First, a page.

At ImprovIT we’re proud that we work across diverse industries and territories. It gives us new ideas, perspectives and experience; and allows us to work with some really talented IT people.
One of these is Leonie McManus in Johannesburg, South Africa. She’s been working with us for three years now, after Chris Renn and I originally met her while we were all working for Gartner earlier in our careers. She’s a specialist in ICT benchmarking, strategy and research (she’s also part of the Forrester team in South Africa, and a director of McManus Consulting).
We asked Leonie to tell us about the South African market and what senior IT leaders can do to navigate their specific challenges and drive their IT forward.
Leonie told us:
“There are three main areas I see as key to the African perspective –
- Service levels
- IT resources
A large percentage of senior IT leaders here use ‘IT spend as a percentage of revenue’ as their key benchmarking metric or KPI. However, this can be incredibly misleading: the ‘correct’ percentage varies enormously by industry and even if you get that right, it doesn’t necessarily mean that you’re spending money on the right things! So it’s OK to use this as one metric, but it’s really important that it’s used in combination with other key indicators.
The often-repeated phrase ‘you can’t manage what you don’t measure’ is so relevant to the South African market. If you don’t have a stake in the ground – a baseline – then you’re just shooting into the sky.
Even comparing your own performance year on year is a worthwhile exercise so you can see internally if you’re heading in the right direction and improving your IT. If you can compare yourself to external peers (whether within your industry or geography, or both) then that’s even better!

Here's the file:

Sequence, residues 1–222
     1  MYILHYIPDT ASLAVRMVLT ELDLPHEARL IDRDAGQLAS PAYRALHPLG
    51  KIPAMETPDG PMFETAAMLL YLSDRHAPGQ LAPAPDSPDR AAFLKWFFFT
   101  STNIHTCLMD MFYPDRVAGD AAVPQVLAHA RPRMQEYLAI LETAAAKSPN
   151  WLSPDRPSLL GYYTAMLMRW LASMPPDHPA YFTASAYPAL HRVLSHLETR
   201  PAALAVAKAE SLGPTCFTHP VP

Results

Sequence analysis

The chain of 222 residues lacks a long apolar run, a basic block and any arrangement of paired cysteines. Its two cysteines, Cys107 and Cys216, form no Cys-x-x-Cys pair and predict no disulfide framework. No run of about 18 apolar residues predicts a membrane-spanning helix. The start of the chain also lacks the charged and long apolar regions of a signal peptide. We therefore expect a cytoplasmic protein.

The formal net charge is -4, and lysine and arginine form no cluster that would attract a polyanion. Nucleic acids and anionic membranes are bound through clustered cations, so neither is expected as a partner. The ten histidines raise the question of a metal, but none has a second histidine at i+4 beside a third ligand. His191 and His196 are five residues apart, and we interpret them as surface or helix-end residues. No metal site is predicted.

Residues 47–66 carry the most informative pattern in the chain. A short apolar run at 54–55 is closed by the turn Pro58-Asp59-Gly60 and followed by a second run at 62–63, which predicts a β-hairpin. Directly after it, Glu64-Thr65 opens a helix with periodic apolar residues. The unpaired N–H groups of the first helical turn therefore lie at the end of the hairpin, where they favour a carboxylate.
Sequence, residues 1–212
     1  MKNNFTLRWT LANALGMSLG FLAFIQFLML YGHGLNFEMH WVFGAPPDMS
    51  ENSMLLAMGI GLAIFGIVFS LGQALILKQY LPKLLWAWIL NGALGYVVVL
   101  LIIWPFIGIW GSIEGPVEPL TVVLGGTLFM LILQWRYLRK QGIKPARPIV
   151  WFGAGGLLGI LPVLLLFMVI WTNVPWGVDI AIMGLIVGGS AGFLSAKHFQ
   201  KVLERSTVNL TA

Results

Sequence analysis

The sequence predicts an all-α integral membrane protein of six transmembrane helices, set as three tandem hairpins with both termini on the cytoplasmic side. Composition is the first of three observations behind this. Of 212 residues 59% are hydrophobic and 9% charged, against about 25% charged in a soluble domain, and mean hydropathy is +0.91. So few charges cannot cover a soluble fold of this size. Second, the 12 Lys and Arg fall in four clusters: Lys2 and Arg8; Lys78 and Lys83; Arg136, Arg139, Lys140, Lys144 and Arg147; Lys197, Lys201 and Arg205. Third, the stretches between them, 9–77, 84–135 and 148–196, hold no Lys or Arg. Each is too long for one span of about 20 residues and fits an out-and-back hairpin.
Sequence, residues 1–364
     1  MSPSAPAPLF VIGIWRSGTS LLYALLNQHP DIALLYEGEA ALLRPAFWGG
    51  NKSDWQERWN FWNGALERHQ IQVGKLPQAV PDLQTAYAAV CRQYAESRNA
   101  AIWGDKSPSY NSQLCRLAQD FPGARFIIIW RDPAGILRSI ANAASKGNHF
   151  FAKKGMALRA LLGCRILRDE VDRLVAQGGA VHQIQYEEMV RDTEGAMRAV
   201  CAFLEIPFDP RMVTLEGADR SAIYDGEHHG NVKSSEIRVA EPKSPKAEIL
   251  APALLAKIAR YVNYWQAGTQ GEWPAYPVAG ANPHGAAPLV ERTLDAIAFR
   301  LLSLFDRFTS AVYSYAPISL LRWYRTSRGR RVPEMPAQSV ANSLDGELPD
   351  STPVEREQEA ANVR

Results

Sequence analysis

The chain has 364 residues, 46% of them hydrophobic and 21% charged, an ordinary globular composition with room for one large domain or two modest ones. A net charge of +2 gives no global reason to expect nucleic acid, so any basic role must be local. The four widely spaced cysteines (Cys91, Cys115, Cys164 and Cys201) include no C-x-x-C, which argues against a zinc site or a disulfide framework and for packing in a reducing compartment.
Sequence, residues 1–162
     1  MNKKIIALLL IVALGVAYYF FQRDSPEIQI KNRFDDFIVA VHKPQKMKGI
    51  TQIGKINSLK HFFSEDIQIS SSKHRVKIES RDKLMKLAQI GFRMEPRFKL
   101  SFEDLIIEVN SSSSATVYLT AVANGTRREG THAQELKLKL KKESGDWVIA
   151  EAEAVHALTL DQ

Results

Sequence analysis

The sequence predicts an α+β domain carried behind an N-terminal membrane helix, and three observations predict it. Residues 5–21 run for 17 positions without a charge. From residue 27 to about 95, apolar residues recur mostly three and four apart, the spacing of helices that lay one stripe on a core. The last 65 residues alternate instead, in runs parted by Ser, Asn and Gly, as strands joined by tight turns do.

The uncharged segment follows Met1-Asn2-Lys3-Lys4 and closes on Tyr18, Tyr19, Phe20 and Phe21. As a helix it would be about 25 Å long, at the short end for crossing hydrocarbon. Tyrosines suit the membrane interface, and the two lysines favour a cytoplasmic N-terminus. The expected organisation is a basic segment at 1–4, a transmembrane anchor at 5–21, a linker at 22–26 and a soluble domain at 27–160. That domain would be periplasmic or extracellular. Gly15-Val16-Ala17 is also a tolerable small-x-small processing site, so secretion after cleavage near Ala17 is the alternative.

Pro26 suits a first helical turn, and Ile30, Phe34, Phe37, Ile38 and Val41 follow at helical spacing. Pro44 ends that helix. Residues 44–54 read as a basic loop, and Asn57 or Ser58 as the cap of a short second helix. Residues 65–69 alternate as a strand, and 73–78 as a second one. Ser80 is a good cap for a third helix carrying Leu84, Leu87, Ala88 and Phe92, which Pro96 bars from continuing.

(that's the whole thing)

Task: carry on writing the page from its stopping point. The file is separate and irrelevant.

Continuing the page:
We (along with most other major IT Consultancies) advise our clients to include a benchmarking clause in every outsourcing contract. Together with your service provider, you decide who does the benchmark and when; you both pay 50% of the cost and you stipulate up front how you will implement the findings. Five years is a long time, and if you don’t benchmark regularly, how will you know whether you’re paying a good price and receiving the best service for your money throughout the contracted period?
Another really important challenge we have in South Africa (and in many African countries) is that our currency is very volatile when compared to major currencies. This makes budgeting accurately near impossible because some of the IT components, such as software, are sold in Dollars, Pounds or Euros. When our clients set their budgets working on a current exchange rate, they can find that they have a big hole six months later purely as a result of currency fluctuations. We therefore always advise our clients to work to a 12-month rolling average when working with other currencies. This ensures that they stay up to date and we have visibility of any issues as soon as they arise.